Credit: ABC TV

Half of all Victorians do not realize that alcohol causes cancer, research revealed, and this prompts the Alcohol Policy Coalition to call for health advisory labels on alcohol products to better inform consumers.

A public meeting has been held by the Council of Australian Governments in Melbourne to discuss Australia's food and alcohol labeling law overhaul.

People need to know what they are drinking and how it can impact their health so that they can make an informed decision about the drinks they purchase and consume, said Craig Sinclair, director of the Cancer Prevention Centre, Cancer Council, Victoria.

A VicHealth survey involving 1,500 Victorians found one in four people don't believe that alcohol is a cause of cancer, while another 25 per cent said they weren't sure.

It's surprising that there isn't even a requirement for alcohol companies to list ingredients on their products, let alone labels about the risk of disease, said Mr Sinclair.

There is no reason why alcohol, which is inherently harmful, is subject to less regulation in this regard than a can of soft drink.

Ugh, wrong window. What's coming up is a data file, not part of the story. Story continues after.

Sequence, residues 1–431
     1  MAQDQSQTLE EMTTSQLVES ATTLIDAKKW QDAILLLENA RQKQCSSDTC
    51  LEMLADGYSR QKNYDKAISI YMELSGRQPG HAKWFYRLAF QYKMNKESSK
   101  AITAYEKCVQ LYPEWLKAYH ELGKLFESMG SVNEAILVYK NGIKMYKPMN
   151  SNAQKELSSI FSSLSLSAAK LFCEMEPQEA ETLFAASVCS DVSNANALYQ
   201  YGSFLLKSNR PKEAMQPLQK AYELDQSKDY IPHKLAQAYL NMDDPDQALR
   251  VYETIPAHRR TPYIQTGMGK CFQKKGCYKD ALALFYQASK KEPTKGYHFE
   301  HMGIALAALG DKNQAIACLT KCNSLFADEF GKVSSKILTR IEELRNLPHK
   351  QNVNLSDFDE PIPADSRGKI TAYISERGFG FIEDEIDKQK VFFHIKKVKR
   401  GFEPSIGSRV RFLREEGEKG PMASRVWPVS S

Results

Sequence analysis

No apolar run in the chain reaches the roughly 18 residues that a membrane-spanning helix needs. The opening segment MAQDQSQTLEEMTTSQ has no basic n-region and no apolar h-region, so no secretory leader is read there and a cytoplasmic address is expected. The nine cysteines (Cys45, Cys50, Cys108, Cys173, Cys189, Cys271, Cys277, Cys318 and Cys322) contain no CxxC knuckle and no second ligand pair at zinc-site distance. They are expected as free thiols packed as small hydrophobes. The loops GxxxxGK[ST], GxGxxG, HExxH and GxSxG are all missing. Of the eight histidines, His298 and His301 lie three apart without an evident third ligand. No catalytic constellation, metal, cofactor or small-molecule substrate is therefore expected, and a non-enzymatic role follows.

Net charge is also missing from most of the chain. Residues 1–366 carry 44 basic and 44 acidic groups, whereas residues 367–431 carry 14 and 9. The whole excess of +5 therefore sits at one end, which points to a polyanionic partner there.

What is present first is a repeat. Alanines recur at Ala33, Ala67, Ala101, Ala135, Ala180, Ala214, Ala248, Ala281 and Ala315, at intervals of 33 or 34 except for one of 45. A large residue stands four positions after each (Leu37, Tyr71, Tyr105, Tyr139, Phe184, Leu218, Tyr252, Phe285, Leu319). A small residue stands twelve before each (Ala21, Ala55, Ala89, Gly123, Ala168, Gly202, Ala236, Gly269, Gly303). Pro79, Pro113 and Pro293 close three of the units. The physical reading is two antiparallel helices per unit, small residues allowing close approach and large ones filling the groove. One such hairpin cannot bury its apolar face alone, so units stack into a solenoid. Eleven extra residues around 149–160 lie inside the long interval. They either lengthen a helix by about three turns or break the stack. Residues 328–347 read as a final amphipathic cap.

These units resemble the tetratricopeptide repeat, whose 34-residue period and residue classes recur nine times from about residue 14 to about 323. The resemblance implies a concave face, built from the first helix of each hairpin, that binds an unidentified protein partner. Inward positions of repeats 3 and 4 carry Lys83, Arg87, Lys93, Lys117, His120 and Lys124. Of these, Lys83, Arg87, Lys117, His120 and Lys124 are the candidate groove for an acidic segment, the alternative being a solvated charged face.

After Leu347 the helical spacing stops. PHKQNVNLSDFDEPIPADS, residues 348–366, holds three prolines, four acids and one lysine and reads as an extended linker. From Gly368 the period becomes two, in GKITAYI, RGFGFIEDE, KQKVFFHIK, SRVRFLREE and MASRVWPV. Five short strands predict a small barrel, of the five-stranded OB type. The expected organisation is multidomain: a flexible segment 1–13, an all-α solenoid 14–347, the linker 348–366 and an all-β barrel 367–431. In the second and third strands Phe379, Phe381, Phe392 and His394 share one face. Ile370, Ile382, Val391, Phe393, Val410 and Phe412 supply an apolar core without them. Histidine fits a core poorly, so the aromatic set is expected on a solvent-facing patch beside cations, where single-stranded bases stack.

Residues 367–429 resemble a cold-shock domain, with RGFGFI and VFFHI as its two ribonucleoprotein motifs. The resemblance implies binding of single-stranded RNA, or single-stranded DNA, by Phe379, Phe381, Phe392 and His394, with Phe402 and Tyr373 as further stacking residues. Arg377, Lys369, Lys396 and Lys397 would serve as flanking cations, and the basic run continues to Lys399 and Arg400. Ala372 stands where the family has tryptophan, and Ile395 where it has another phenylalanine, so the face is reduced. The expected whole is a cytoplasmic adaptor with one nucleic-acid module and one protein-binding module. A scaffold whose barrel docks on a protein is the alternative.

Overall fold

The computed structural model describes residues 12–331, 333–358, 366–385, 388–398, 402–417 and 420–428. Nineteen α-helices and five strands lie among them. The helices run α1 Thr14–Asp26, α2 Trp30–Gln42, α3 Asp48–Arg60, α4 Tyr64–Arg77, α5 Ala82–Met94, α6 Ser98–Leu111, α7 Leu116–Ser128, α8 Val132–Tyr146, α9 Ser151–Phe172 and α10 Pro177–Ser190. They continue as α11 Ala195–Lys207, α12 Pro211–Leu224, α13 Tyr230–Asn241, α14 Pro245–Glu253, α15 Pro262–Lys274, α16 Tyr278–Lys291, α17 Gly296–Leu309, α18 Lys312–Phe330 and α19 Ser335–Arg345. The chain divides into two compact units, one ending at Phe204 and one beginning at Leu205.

A total of 85 per cent support the introduction of labels listing health information on alcohol products, according to figures released by VicHealth. The labels on alcohol products are a requirement in at least 43 countries.

We call on the Council of Australian Governments through the labeling review to make health information and warning labels mandatory rather than through a voluntary system implemented by the alcohol industry.

The tobacco labeling success has proven that health labels play a big part in changing the behaviour of consumers. Similarly health labels will assist people to understand the potential health impact when they buy alcohol and when they drink it, said Mr Sinclair.

Alcohol is next to tobacco, as the most harmful drug in Australia. It is a Group I carcinogen - the highest classification, according to the World Health Organization. In other words, alcohol is a cause of cancer and thus falls in the same category as tobacco.

Drinking alcohol raises the cancer risk of mouth, throat, oesophagus, bowel, liver and female breast. The risk of cancer is present for all types of alcohol, including beer, wine and spirits.

A total of 3,000 Australians were diagnosed with alcohol-related cancer and 1,376 died from cancers caused by alcohol, in 2005.